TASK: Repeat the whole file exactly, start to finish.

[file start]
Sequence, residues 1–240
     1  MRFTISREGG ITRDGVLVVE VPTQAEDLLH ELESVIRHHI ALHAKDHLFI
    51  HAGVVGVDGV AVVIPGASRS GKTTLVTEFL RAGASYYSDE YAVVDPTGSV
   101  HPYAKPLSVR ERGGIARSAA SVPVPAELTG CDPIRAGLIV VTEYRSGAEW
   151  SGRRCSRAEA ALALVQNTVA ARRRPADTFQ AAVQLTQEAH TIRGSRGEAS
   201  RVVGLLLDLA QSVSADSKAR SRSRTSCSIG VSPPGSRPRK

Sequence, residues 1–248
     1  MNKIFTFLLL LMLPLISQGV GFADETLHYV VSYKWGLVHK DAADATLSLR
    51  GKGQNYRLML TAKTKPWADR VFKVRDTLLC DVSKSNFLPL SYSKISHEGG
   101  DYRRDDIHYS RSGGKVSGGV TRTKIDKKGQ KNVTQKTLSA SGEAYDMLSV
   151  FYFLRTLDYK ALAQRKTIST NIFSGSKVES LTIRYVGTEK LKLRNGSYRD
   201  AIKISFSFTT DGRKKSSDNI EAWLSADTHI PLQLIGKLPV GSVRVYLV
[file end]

Sequence, residues 1–240
     1  MRFTISREGG ITRDGVLVVE VPTQAEDLLH ELESVIRHHI ALHAKDHLFI
    51  HAGVVGVDGV AVVIPGASRS GKTTLVTEFL RAGASYYSDE YAVVDPTGSV
   101  HPYAKPLSVR ERGGIARSAA SVPVPAELTG CDPIRAGLIV VTEYRSGAEW
   151  SGRRCSRAEA ALALVQNTVA ARRRPADTFQ AAVQLTQEAH TIRGSRGEAS
   201  RVVGLLLDLA QSVSADSKAR SRSRTSCSIG VSPPGSRPRK

Sequence, residues 1–248
     1  MNKIFTFLLL LMLPLISQGV GFADETLHYV VSYKWGLVHK DAADATLSLR
    51  GKGQNYRLML TAKTKPWADR VFKVRDTLLC DVSKSNFLPL SYSKISHEGG
   101  DYRRDDIHYS RSGGKVSGGV TRTKIDKKGQ KNVTQKTLSA SGEAYDMLSV
   151  FYFLRTLDYK ALAQRKTIST NIFSGSKVES LTIRYVGTEK LKLRNGSYRD
   201  AIKISFSFTT DGRKKSSDNI EAWLSADTHI PLQLIGKLPV GSVRVYLV